A supine Board of Supervisors and a press corps still swaddled in kid gloves has facilitated Brown's self-ordained mandate (and, yeah, Moose and his pals should at least have mounted some token protest; the bicyclists plainly linked their own situation to Brown's blatant abandonment of mass transit concerns, revitalizing that quaint effrontery known as democracy). The ballot victory of the Hunters Point Mall has obviously emboldened Brown. As a manifestation of generic urbanism, it's a masterpiece of globalism's bent toward a single citizenship of consumption: poor kids (of color, need we add?) earning minimum wage, marginalized even further to the city's outer edges, selling chain-store trinketry and pop culture ideals. The erosion of intimacy, connection and community in privatized cities is a breeding ground for the mini-Versailles pols like Brown erect in homage to themselves. It shouldn't be surprising that Brown feels quite at home in this welter of spatial and esthetic obliteration; he is trained, after all, as a real estate lawyer, a fact probably insufficient to have sounded a tocsin about his eventual corporate submersion, but ample for future observation. More discernible was his expressed contempt for the poor in recent years, and certainly his sullen rebuff of city workfare recipients' efforts to unionize for pay equity last month was revelatory. In effect, what we seem to have in Brown is a Colin Powell, with none of the charm, and even less of the social conscience. (I would have said Colin Powell-in-whiteface, but that might unfairly muddle the mayor's identity, and be dismissed as the type of name-calling practiced by his sworn enemies like Mr. Taliaferro.)

* * *

And now for something genuine.

I wouldn't be surprised if, every night at bedtime, Buddy Guy got down on his knees and prayed he'd wake up as Luther Allison. That's how good Allison was. There have been but a few vocalists in modern blues and rock who could clamber inside a song and utterly own it, and he was decidedly among them. Technically you could hear echoes of B.B. King, Clapton, Stevie Ray and Ry Cooder in his guitar play, but he alternately fused and transformed those techniques into a spiny and fertile sound exquisitely his own.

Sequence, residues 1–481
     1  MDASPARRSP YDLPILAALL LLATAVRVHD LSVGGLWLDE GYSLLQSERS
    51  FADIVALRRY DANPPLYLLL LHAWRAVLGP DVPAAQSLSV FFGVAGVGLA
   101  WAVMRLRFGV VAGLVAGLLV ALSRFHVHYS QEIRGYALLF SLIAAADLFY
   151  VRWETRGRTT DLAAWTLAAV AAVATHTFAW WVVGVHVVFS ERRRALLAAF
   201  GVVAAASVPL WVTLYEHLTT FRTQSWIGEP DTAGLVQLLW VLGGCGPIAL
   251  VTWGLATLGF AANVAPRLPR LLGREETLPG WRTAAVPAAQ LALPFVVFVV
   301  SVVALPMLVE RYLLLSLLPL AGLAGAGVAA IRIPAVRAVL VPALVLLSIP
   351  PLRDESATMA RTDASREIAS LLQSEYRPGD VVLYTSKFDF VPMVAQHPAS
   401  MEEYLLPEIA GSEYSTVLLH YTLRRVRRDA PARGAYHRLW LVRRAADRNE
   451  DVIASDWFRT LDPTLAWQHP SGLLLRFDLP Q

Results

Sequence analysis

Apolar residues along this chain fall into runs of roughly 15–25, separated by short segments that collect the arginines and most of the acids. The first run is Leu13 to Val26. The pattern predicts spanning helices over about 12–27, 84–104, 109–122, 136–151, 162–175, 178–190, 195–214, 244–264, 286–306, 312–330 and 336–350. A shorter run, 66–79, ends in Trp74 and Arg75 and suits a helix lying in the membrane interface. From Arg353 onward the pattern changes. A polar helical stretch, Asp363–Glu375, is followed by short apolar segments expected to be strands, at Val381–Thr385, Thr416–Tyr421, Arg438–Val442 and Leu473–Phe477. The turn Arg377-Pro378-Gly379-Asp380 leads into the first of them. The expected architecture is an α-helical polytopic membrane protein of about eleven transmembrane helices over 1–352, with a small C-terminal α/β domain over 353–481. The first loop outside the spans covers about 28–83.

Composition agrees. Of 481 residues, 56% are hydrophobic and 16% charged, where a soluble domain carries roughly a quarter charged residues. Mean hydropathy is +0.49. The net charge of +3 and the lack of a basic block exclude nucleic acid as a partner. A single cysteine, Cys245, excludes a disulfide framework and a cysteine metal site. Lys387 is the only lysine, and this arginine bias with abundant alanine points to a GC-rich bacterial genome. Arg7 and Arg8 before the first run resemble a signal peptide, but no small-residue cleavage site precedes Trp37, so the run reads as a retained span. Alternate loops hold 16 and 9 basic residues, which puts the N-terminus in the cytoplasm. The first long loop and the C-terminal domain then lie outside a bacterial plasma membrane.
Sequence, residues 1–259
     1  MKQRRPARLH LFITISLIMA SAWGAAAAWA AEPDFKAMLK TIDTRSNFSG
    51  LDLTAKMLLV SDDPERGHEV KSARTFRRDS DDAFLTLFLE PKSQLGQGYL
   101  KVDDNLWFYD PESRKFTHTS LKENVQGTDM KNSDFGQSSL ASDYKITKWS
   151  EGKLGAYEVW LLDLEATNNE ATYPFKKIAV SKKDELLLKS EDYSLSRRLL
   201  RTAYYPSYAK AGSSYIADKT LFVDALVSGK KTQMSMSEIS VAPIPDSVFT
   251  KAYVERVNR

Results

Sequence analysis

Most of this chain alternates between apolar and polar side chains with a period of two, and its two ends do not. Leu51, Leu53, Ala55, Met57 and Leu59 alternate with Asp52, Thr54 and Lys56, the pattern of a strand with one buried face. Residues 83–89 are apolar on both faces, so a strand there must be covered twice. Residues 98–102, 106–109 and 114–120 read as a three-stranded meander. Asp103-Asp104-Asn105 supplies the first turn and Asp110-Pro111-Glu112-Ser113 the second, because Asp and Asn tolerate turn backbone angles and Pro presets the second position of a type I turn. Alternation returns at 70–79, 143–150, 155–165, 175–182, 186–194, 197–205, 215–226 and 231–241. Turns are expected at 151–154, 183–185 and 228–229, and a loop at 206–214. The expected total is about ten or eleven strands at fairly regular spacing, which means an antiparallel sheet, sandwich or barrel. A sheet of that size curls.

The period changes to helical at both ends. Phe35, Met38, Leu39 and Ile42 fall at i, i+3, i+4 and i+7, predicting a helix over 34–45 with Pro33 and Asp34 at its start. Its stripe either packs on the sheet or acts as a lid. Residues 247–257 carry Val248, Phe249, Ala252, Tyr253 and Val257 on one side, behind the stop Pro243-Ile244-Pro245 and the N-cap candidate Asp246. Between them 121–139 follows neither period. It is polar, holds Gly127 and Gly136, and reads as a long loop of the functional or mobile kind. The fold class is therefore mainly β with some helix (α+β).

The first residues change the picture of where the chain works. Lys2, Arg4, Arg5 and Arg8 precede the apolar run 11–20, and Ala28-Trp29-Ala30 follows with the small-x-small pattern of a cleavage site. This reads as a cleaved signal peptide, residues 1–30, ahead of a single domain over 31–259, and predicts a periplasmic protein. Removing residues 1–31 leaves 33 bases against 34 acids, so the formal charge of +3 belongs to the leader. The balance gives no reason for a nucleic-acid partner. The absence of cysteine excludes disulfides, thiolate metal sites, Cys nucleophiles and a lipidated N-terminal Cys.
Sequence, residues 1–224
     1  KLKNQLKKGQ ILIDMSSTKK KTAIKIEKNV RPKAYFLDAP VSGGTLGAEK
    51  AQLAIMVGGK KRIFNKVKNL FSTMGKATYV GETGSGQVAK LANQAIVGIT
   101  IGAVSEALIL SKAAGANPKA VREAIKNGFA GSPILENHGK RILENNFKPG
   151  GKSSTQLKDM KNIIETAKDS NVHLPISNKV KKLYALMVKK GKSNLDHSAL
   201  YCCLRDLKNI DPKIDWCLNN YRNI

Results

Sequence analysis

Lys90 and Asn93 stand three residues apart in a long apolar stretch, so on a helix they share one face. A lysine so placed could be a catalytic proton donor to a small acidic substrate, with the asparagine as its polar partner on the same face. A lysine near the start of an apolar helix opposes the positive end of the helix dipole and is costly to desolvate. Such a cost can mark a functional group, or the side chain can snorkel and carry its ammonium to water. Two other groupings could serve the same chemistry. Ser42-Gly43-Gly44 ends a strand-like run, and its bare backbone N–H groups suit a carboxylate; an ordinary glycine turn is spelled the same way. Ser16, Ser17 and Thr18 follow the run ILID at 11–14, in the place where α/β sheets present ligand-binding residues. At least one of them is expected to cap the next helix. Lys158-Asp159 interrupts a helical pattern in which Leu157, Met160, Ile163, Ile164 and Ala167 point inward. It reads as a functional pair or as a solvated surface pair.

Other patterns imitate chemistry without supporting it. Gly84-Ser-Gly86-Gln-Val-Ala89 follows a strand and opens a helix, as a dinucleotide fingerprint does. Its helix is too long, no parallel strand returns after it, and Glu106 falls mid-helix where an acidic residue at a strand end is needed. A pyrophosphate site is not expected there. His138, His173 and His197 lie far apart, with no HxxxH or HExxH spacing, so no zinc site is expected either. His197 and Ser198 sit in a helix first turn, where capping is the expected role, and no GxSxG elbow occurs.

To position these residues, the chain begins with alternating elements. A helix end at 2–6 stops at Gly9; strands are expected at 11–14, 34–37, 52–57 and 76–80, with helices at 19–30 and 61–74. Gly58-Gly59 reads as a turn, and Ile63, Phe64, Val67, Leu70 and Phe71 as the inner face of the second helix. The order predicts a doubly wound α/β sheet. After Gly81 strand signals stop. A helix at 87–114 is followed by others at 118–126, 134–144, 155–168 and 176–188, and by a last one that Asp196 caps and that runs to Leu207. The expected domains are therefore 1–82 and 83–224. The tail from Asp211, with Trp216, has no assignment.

He played Chicago-style, hard, raw and fully, and he knew what a city was.

-- Copyright John Hutchison 1997



In the Company of Men

In the narrative where our lives are played out, we inhabit several parallel worlds. It's all done with mirrors, refracted images of everyday reality cast large against a familiar landscape.

A little girl, groomed for beauty princess crowns, is discovered brutally murdered in her own basement. Discovered brutally murdered, in a white shirt with a sequin star on the front. Discovered brutally murdered, with a red-ink heart on the palm of her hand. With the release of each new detail over a period of eight months, she is murdered again, like the fond fantasy of a kiss, repeated over and over for the emotional release that comes with each meeting of the lips.

A woman jogging in an urban college setting is assaulted by a dark man in a ski mask. A woman walking her dog along a heavily traveled woodland trail is grabbed from behind and assaulted by a dark man in a ski mask. A woman crossing a crowded state university campus is dragged down a ravine and assaulted by a dark man in a ski mask. In every new report each woman is raped again, the thrilling rehearsal of all previous incidents heightening the implacable horror of the latest.

A dark-haired woman sits emotionless before a large wooden table. The TV camera tenderly traces her thin, tired face as a social worker, another tired-faced woman, discusses her future. Quick cut. A squad of exuberant men appear on the Capitol steps, shoulderpad to shoulderpad. Sound bite completed, they break formation. High fives prevail.

In this parallel world, Washington reeks of testosterone, like a high school locker-room. Snickers of successful seductions reaffirm can-do reputations. The formerly private
--- a tiger-inscribed rump; other well-hung, easily identifiable meat --- has become a mere initiation fee to an exclusive club. But much of the collective snorting and pawing of the earth that goes on there is wasted. When manhood wants proving, the bedroom is a poor second to a battlefield.

Here Hollywood, the supreme manipulator of mirror magic, rushes to the rescue, with wars to suit all political predilections. A man can test his valor against Middle Eastern insurgents, if he likes, or the IRA, or giant space bugs. Or in the company of other would-be warriors, he can participate in the supreme trial by ordeal, a fight-to-the-finish between the President of the United States and fanatical freedom fighters from Kazakhstan aboard Air Force One.

* * *

I did. Let me take you inside the contours of my head and show you the distorted images projected there.

Like the President's plane, the theater showing the film was a male arena. I instinctively slouched guy-style in my seat